vTaskDelete( NULL );

}


Running the code

To run the code, simply upload it to the ESP32 board using the Arduino IDE. You should get a result similar to figure 1, with both “Hello World” messages being printed to the serial console. In the end, also both the termination messages should be printed.

ESP32 Create FreeRTOS Task

Figure 1 – Output of the program.

Note that both tasks were running in parallel, which is way the prints from each task are mixed. Naturally, the time of execution for each one of the tasks was decided by the RTOS scheduler.


Related Posts


References

[1] http://esp32.info/docs/esp_idf/html/dd/d3c/group__xTaskCreate.html

[2] http://www.freertos.org/Documentation/161204_Mastering_the_FreeRTOS_Real_Time _Kernel-A_Hands-On_Tutorial_Guide.pdf   [Page 50]

[3] http://www.freertos.org/Documentation/161204_Mastering_the_FreeRTOS_Real_Time_Kernel-A_Hands-On_Tutorial_Guide.pdf [Page 46]

[4] http://www.freertos.org/a00126.html

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12 Responses to ESP32 Arduino: Creating a FreeRTOS task

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  7. Luke says:

    Nice tutorial.
    Let me understand it better: in the setup() function you create the two tasks, but you never call the vTaskStartScheduler();
    Is the scheduler invoked behind the scene, out of the setup function?

    Another question: you’re calling the Serial.println method from inside the two tasks. Is this method re-entrant? it seems so, looking at the output on the serial console.

    Thanks for your kind answer.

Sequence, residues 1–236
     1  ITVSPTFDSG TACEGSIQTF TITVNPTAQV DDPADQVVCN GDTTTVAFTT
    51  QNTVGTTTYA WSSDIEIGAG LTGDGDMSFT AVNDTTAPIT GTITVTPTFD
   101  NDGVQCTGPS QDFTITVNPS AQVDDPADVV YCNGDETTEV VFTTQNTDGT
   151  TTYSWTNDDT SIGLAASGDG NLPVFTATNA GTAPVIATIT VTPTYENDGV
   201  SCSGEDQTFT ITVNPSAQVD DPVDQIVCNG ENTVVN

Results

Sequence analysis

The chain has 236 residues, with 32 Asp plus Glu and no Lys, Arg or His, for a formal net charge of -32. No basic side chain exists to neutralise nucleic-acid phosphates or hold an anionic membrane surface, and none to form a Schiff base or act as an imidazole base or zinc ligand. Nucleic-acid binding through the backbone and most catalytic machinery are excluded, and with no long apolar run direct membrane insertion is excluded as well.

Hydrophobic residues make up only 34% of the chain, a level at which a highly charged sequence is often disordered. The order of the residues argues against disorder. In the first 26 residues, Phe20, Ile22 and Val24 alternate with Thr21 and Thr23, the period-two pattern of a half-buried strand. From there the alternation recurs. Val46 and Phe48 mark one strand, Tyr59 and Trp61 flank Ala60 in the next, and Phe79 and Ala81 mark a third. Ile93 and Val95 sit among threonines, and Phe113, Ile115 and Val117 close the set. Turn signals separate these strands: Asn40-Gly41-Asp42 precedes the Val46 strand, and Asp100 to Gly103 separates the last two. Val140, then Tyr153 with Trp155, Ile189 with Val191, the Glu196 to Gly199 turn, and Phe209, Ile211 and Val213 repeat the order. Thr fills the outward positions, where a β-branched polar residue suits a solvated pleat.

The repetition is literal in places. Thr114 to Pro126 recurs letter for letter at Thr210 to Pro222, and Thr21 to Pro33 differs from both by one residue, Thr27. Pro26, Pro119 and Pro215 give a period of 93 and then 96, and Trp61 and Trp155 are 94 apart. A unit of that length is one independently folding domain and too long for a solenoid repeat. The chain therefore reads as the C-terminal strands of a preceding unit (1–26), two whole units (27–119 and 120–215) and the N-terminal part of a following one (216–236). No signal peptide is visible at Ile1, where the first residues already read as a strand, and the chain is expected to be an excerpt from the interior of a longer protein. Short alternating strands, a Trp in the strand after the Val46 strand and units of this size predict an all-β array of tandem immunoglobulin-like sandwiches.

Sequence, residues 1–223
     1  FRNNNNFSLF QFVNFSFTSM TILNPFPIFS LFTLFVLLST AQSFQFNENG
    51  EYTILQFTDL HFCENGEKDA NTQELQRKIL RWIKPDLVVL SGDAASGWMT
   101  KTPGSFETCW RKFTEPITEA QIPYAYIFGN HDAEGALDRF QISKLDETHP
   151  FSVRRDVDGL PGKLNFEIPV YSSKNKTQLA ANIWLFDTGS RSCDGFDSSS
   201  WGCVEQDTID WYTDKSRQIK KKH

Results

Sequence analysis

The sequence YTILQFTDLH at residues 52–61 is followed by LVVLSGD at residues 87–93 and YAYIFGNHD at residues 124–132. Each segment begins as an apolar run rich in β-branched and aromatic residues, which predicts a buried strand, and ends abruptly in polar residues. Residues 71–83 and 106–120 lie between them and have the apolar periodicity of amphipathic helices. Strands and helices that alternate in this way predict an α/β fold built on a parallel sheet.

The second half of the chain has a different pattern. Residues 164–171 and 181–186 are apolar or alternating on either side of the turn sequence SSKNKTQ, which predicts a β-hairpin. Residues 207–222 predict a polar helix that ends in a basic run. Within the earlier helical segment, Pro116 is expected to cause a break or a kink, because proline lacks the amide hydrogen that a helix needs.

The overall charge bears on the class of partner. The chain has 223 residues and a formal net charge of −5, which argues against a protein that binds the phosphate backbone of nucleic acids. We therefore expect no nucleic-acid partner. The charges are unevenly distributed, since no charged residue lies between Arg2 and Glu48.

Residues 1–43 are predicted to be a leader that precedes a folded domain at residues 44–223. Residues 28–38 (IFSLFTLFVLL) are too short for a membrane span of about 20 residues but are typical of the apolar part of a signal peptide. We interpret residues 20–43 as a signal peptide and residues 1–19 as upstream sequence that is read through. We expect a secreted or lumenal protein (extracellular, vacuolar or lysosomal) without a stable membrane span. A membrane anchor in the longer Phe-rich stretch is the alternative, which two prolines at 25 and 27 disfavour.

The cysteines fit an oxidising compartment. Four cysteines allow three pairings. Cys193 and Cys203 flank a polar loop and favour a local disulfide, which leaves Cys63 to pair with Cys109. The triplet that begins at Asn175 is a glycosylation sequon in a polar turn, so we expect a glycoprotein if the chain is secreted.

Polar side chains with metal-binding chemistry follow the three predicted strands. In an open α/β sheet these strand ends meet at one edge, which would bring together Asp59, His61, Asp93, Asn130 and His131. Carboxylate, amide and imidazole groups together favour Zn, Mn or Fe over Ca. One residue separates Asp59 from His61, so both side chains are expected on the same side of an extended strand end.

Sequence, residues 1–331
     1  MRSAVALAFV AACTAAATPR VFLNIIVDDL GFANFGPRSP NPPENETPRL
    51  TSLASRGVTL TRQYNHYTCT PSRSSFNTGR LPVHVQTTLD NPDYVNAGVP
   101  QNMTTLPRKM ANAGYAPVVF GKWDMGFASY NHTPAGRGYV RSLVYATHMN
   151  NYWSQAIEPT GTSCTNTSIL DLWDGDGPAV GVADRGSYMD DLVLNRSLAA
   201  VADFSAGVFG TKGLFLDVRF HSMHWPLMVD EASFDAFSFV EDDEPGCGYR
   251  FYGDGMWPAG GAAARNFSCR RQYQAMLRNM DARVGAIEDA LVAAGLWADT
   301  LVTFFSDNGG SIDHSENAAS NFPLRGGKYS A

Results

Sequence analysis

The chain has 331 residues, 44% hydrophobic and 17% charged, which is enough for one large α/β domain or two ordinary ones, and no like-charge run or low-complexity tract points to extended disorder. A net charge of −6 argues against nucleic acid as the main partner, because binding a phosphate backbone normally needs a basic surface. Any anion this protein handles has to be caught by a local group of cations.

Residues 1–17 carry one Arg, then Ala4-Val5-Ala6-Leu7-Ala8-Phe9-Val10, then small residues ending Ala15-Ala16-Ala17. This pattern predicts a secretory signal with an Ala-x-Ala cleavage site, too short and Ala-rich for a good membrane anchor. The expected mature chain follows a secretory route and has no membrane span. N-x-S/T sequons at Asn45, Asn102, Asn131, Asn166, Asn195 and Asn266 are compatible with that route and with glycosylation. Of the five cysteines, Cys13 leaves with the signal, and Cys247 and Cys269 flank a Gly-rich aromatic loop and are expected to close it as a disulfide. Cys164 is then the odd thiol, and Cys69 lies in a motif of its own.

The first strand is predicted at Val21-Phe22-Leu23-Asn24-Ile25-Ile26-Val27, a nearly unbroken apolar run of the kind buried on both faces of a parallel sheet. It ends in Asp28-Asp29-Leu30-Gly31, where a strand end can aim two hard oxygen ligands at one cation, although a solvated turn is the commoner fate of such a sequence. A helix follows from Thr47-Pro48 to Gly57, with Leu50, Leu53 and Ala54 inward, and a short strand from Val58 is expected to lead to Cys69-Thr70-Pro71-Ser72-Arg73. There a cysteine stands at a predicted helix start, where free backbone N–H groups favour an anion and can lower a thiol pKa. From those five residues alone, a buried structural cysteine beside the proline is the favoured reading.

Liked by 1 person

    • antepher says:

      Hi! Thank you very much for the feedback 🙂

      Yes it is not needed, but I’m not 100% sure if it is called in the Arduino core initializations or if it is enabled by default. I haven’t yet explored much that initialization part of the Arduino core.

      Since the Serial port is a shared resource, it should have had a lock to ensure that there is no concurrent access. Nonetheless, since this was an introductory tutorial to tasks in FreeRTOS, I did not wan’t to complicate it with synchronization primitives.

      If I’m not mistaken, the implementation of the Serial.println function doesn’t have any blocking calls and writes the bytes to a buffer to be then sent asynchronously. So all the characters are written to the buffer by the first task and then when it calls the delay it wields and gives the CPU to the other task, which writes its string to the serial port, and so on.

      And that’s why we are seeing this print pattern. Nonetheless, the Arduino core has many abstraction layers until it reaches the bare metal (and implementations change over time), so the best approach is actually performing the exclusive access synchronization.

      Hope to have helped.

      Best regards,
      Nuno Santos

      Like

  8. programmer131 says:

    thank you for this nice tutorial.

    Liked by 1 person

  9. Pingback: ESP32 Arduino: Communication between tasks using FreeRTOS queues | techtutorialsx

  10. Pingback: ESP32 Arduino: FreeRTOS queues performance test | techtutorialsx